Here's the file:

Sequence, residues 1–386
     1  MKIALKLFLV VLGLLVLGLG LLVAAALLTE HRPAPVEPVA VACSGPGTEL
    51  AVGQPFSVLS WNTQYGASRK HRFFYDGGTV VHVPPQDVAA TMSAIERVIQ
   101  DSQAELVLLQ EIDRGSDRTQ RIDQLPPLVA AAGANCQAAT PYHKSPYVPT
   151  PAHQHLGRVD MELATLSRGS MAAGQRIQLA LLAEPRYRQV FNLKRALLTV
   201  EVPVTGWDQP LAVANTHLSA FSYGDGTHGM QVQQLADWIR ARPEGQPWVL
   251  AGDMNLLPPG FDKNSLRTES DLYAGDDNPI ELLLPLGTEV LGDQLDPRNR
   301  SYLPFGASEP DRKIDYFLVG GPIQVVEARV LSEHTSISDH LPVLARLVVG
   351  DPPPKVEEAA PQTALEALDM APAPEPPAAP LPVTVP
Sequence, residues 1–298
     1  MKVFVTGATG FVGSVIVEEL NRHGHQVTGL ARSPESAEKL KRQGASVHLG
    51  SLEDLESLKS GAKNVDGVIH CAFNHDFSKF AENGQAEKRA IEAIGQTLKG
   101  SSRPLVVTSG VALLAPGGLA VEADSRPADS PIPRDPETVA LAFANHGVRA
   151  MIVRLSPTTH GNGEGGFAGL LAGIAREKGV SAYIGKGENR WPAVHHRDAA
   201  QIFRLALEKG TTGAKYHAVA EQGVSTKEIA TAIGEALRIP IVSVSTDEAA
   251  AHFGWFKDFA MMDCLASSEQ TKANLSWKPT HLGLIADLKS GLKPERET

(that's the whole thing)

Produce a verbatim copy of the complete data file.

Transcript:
Sequence, residues 1–386
     1  MKIALKLFLV VLGLLVLGLG LLVAAALLTE HRPAPVEPVA VACSGPGTEL
    51  AVGQPFSVLS WNTQYGASRK HRFFYDGGTV VHVPPQDVAA TMSAIERVIQ
   101  DSQAELVLLQ EIDRGSDRTQ RIDQLPPLVA AAGANCQAAT PYHKSPYVPT
   151  PAHQHLGRVD MELATLSRGS MAAGQRIQLA LLAEPRYRQV FNLKRALLTV
   201  EVPVTGWDQP LAVANTHLSA FSYGDGTHGM QVQQLADWIR ARPEGQPWVL
   251  AGDMNLLPPG FDKNSLRTES DLYAGDDNPI ELLLPLGTEV LGDQLDPRNR
   301  SYLPFGASEP DRKIDYFLVG GPIQVVEARV LSEHTSISDH LPVLARLVVG
   351  DPPPKVEEAA PQTALEALDM APAPEPPAAP LPVTVP
Sequence, residues 1–298
     1  MKVFVTGATG FVGSVIVEEL NRHGHQVTGL ARSPESAEKL KRQGASVHLG
    51  SLEDLESLKS GAKNVDGVIH CAFNHDFSKF AENGQAEKRA IEAIGQTLKG
   101  SSRPLVVTSG VALLAPGGLA VEADSRPADS PIPRDPETVA LAFANHGVRA
   151  MIVRLSPTTH GNGEGGFAGL LAGIAREKGV SAYIGKGENR WPAVHHRDAA
   201  QIFRLALEKG TTGAKYHAVA EQGVSTKEIA TAIGEALRIP IVSVSTDEAA
   251  AHFGWFKDFA MMDCLASSEQ TKANLSWKPT HLGLIADLKS GLKPERET